September 27th, 1988: The Ben Johnson Scandal
Except for hockey players, Canadian athletes don’t make international headlines as often as their fans would hope. This especially applies to Olympic summer sports. When the country produces generational talent, people take notice. Tokyo 200m gold medalist Andre De Grasse is currently the nation’s great hope for continued success in sprinting. Donavon Bailey is a legendary name who captured gold in 1996 in Atlanta in the 100m race (the author even watched the race live on television when it happened). Another sprinter representing the maple leaf earned himself a monumental place in sports history: Ben Johnson.
On September 24th, 1988, at the Seoul Summer Olympics the Jamaican-born, Ontario-trained runner shattered two things. First, the previous record time in the 100m competition. Johnson ran a stunning 9.79 seconds, beating his own record 9.83, easily earning the gold medal in the process. Second, he blew past his contemporary rival, American Carl Lewis. The two had been the greatest runners for a few seasons and the 1988 Seoul race felt like a culmination of their heated rivalry. It was a tremendous event for the runner, his trainer Charlie Francis (who ran himself a wonderful career), and Canadians from coast to coast to coast, as the expression goes.
What no one knew at that exact moment was that Johnson was about to shatter something else, possibly the most important of all. His reputation.
Shortly after the celebrations, Johnson, like all his fellow athletes, was asked to provide a urine sample. The Korean lab director received 100 anonymous samples later that day. Of them, one produced evidence of stanozolol and was quickly traced back to Ben Johnson. In laymen’s terms, stanozolol is a variety of steroids that can be consumed via tablets or via injection. As an anabolic steroid, it produces similar effects to testosterone and helps build muscle mass. As far as sportsmanship is concerned, its use is prohibited by the International Olympic Committee (IOC), as well as a great many other national and international sports organizations.
It didn’t take long for the IOC’s head of drug testing, Prince Alexander de Mérode, to communicate with Canada’s chef de mission, Carol Anne Letheren. She, in turn, had the unenviable but unavoidable task of taking Johnson’s shiny gold medal away. No win, no glory. The opposite, in fact.
Carl Lewis, the brash, despised rival, who had finished second in the race, was awarded first place. One may want to argue that the sports gods decided to throw salt into the wound, but the fact of the matter was that Ben, the beloved adopted Canuck, had not played by the rules. Nor, for that matter, had his coach Charlie Francis, who was adamant about his methods then and continued to defend himself and his athletes for years afterwards. Lest he is overlooked, there was also George (Jamie) Astaphan, the doctor who injected the performance-enhancing drug.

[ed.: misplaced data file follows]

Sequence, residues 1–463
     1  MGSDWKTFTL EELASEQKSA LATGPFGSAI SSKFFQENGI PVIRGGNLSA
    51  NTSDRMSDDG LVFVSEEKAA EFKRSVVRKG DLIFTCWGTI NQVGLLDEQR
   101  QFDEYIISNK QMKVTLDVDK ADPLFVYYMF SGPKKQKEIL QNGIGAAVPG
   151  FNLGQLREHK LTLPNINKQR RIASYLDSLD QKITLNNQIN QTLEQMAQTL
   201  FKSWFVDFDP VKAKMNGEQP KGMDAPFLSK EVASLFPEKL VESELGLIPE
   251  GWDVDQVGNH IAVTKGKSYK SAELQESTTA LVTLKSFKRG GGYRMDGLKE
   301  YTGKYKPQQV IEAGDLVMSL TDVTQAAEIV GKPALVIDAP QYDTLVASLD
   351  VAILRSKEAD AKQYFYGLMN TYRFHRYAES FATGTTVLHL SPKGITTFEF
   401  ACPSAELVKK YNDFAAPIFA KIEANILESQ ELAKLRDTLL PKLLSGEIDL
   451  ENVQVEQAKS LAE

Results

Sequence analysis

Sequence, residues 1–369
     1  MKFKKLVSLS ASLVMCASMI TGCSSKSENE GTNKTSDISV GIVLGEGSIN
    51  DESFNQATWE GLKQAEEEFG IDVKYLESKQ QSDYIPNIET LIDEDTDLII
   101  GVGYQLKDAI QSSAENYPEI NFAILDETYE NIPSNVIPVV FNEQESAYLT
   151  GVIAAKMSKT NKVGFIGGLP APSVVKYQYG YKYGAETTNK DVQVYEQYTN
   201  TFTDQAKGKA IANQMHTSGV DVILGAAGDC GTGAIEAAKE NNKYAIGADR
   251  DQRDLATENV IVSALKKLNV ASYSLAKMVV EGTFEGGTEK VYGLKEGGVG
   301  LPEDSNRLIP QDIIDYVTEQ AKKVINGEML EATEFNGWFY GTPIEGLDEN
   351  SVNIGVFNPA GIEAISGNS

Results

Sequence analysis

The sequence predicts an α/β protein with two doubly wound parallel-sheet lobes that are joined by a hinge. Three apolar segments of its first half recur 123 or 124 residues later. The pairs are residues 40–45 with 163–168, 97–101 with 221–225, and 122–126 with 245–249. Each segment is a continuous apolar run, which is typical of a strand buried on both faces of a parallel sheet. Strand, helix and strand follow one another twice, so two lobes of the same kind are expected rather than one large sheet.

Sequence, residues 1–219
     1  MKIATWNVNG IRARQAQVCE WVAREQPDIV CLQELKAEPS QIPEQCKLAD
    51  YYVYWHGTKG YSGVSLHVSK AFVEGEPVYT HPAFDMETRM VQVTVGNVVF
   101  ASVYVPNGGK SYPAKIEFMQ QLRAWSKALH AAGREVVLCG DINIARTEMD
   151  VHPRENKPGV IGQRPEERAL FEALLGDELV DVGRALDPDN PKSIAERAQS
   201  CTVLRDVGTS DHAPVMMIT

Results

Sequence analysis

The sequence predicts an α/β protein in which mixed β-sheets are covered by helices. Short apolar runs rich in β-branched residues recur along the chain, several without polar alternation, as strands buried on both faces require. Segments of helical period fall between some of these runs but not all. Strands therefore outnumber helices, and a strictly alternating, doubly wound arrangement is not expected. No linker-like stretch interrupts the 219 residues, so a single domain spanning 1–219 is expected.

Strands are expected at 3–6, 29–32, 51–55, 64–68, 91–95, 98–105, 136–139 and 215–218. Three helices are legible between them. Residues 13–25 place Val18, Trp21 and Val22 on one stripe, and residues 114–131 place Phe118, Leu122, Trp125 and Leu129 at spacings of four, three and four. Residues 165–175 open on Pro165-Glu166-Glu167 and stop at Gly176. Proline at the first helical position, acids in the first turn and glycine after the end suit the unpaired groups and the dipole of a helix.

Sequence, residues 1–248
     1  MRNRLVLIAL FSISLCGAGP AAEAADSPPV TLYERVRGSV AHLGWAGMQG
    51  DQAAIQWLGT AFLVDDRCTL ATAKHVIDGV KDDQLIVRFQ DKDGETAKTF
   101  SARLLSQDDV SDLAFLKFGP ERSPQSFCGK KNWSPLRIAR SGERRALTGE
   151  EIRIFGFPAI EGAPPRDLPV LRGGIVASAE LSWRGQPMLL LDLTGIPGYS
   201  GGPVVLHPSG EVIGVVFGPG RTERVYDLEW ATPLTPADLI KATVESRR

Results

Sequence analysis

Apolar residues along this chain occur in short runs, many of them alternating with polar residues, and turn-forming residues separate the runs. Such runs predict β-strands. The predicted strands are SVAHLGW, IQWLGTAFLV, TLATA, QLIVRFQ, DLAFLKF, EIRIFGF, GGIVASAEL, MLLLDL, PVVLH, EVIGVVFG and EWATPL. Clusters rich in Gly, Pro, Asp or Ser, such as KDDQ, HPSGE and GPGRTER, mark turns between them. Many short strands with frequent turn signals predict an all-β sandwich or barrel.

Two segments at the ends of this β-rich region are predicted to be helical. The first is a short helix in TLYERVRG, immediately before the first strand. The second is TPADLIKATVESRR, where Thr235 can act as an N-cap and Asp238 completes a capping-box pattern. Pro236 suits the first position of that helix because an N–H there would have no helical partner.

The shame and controversy were so significant the Prime Minister at the time, Brian Mulroney, called for Ontario’s chief justice Charles Dubin to launch an inquiry commission. This resulted in The Commission of Inquiry Into the Use of Drugs and Banned Practices Intended to Improve Athletic Performance, succinctly known as the Dubin Inquiry.
Revelations made during the Dubin Inquiry even led to revoking Johnson’s 1987 World Championship medal won in Rome. Dr. Astaphan boldly argued that the IOC’s drug testing report sported dubious details, most notably because he hadn’t supplied the sprinter with stanozolol. Because the drug is used primarily to build up muscle, it would have been consumed months prior to Seoul. Johnson’s preferred drug was furazabol. How reassuring. Equally embarrassing was that no fewer than 46 athletes admitted to steroid use during the inquiry.
Since then, Ben Johnson has been relatively quiet. He makes the occasional public appearance, sometimes for the worse, such as filming an advertisement in the 1990s for an energy drink, Cheetah. Oh dear.
On the 30th anniversary of the fateful event, the Toronto Star published a long-form article that investigated the finer details of the Olympic drug test report. Scribbles suggested tampering with the findings and possible alterations to the conclusions the lab team thought it best to draw. The article is behind a pay wall, but the website Running Magazine quotes many of the findings.
Regardless of how accurate and emphatic the Olympic drug testing team’s findings were (they certainly confirmed more than enough to justify the penalty), September 27th, 1988, lives on in infamy in Canadian sports. Ideally, professional athletes shouldn’t enhance their performances through such drugs. The reality is that most do. What made this chapter so devastating was that a good, Canadian kid was at the center of attention.
For a few glorious days, Ben Johnson was the fastest man alive.
The lustre faded just as quickly.